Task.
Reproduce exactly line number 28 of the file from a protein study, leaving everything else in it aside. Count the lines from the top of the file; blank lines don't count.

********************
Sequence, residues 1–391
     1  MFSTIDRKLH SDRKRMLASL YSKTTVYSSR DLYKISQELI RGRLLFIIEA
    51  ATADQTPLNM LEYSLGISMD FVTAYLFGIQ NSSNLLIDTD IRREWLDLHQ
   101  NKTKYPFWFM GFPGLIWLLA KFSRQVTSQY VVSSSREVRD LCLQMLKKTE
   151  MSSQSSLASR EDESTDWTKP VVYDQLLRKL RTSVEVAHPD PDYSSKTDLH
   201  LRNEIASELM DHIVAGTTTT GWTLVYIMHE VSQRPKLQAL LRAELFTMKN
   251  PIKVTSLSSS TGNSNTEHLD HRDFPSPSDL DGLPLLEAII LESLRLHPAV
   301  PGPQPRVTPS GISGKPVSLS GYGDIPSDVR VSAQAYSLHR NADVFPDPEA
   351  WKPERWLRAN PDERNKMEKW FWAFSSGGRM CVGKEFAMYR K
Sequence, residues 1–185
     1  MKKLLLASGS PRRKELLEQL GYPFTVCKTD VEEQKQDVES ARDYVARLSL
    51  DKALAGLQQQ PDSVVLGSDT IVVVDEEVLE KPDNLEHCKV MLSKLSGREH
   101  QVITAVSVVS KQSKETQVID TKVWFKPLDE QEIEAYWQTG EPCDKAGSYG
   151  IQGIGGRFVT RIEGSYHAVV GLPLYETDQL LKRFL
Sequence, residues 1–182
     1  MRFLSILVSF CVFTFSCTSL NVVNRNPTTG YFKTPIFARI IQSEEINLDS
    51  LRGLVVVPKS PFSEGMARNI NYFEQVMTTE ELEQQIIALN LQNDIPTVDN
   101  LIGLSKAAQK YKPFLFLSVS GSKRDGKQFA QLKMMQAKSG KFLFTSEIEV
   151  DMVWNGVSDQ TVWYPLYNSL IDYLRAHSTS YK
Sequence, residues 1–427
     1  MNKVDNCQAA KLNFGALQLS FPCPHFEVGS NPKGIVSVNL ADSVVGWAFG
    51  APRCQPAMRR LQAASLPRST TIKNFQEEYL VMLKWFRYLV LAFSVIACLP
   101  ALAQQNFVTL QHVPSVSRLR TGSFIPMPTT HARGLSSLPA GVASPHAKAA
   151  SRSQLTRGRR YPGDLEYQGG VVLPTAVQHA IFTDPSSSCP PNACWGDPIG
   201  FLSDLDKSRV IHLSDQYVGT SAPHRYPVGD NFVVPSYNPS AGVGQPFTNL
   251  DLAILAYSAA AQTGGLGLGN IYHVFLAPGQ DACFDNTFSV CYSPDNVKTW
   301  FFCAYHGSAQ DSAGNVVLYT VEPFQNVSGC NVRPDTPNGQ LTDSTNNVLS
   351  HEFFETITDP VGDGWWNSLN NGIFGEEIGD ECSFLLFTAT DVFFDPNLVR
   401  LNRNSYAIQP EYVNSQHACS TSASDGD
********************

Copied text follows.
   351  HEFFETITDP VGDGWWNSLN NGIFGEEIGD ECSFLLFTAT DVFFDPNLVR